19. Alonzo Mourning (1993-2008)


In 15 years of service in the NBA, ‘Zo averaged 4.4 blocks per 48 minutes played, which is the fifth-highest mark ever among NBA centers. A number like that is what secured him two NBA Defensive Player of the Year honors and two selections on the All-Defensive first team. But Mourning wasn’t just a beast on defense, he also averaged 17.1 points per game to go along with 8.5 rebounds — averages that, unfortunately, took a significant hit in the final years of his career following a kidney transplant he had to undergo in 2003. Mourning was also a seven-time All-Star and won a title in 2006 with the Miami Heat, who retired his jersey number in 2009.

18. Robert Parish (1976-1997)


Talk about iron men. No one has ever played more NBA games than Robert Parish, as he appeared in 1,611 contests from 1977 to 1997. Playing in that many games is bound to net you some impressive stats and you’ll find Parish in the top 10 all-time in career rebounds and blocks, even if his per-game statistics are a little more pedestrian compared to others on this list at 14.5 points and 9.1 rebounds per game. Parish played for four franchises but is most remembered with the Boston Celtics, where he won three rings in the 1980s. He was also a nine-time All-Star and won a fourth ring with the Chicago Bulls in his final season.

17. Dwight Howard (2005-Present)


With numbers that virtually guarantee him a spot in the Hall of Fame, Dwight Howard certainly deserves a spot among the best centers to ever play the game. A three-time NBA Defensive Player of the Year — the second-most times anyone has earned that honor — Howard’s average of 12.7 defensive rebounds per 48 minutes played is fourth best all-time among centers.

But if per-game stats are more your style, his average of 12.6 total rebounds per game is the 10th best ever among all centers. He was also a reliable scorer if you could get the ball to him, as he made 58.3 percent of his shots per 48 minutes, which is a better average shooting percentage than Shaq.

16. Wes Unseld (1969-1981)


A Washington basketball legend, Wes Unseld spent his entire career with the franchise that is now the Wizards. His career average of 14 rebounds per game is the fourth-best among all centers. Unseld wasn’t as great a scoring threat as others on this list, averaging 10.8 points per game, but his presence in the paint dictated games and his skills on the glass kept his team in every game. Unseld was named league MVP in 1969 and went on to be named NBA Finals MVP in 1978 when he won his only championship.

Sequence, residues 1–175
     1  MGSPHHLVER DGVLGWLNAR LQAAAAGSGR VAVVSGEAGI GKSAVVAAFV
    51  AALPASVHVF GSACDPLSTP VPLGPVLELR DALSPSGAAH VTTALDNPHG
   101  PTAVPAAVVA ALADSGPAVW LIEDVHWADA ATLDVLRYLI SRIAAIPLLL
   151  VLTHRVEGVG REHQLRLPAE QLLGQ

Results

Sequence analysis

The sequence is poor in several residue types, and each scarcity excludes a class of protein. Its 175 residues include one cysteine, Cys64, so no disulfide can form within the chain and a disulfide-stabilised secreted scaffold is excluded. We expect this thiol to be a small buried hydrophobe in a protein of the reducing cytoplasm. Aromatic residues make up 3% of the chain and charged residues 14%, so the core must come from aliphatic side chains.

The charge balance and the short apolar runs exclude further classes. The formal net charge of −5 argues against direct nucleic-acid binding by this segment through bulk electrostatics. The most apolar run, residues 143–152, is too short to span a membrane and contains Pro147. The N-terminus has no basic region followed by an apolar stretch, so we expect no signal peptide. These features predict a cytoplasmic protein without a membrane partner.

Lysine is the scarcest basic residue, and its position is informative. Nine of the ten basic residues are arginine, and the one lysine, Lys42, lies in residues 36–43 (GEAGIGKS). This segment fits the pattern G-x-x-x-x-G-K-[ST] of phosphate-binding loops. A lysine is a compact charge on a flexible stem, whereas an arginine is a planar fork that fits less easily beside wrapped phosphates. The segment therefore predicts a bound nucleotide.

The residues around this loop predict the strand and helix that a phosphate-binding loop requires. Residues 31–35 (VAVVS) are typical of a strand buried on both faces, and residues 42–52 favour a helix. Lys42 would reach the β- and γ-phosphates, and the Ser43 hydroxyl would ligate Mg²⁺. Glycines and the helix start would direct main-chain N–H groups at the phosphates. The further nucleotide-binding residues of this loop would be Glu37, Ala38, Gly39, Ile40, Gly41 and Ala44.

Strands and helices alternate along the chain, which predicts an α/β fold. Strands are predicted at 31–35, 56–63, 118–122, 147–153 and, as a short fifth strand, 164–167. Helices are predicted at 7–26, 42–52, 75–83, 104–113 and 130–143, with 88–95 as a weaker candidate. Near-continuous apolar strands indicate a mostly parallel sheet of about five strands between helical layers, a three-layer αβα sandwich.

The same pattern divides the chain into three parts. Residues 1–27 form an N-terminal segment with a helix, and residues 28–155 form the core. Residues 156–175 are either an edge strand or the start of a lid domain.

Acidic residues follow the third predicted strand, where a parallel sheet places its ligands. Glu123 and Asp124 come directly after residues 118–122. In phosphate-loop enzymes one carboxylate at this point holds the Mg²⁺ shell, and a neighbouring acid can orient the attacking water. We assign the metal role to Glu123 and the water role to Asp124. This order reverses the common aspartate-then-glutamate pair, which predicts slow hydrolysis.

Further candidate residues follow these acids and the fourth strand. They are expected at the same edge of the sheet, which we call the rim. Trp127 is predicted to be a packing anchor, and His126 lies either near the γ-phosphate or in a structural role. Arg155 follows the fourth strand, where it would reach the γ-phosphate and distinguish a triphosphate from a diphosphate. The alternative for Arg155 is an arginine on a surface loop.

15. Bill Walton (1975-1987)


Bill Walton did nothing but win during his basketball career, starting in college at UCLA and continuing into his NBA career. Walton’s average of 13.8 defensive rebounds per 48 minutes played is the highest of any center in NBA history. He also helped his teammates more than most centers, averaging 5.8 assists per 48 minutes played, which is third-best among all centers. He was named NBA MVP in 1978 and would win two titles, one with the Boston Celtics and one with the Portland Trail Blazers. Turnover issues and nagging injuries hurt his overall position on the list but Walton remains one of the best centers to ever suit up.

14. Dave Cowens (1971-1983)


Another dominant center from the 1970s, Dave Cowens helped the Boston Celtics win two titles, being named NBA MVP in 1973. For his career, he put up gaudy numbers, averaging 17.6 points and 13.6 rebounds per game, proving himself as one of the best dual-threat centers to ever play the game. Cowens was named to the NBA All-Defensive first team once and to the All-Star team eight times. Another number to prove his might? Cowens’ career average of 12.4 defensive rebounds per 48 minutes played is fifth-best among all centers.

13. Patrick Ewing (1986-2002)


It’s a shame that Hall of Famer Patrick Ewing never won a championship because he certainly gave it all he had every night in the playoffs. In fact, Ewing averaged 20.2 points per playoff game in his career, which is the eighth-best mark among all centers. In the regular season, Ewing’s numbers were just as ridiculous, with him averaging 21 points and 9.8 rebounds per game. From 1986 to 1997, Ewing made the NBA All-Star team every year but one. Somehow, he was only named to the All-NBA first team once in his career but the 7-footer was certainly one of the most feared centers in league history.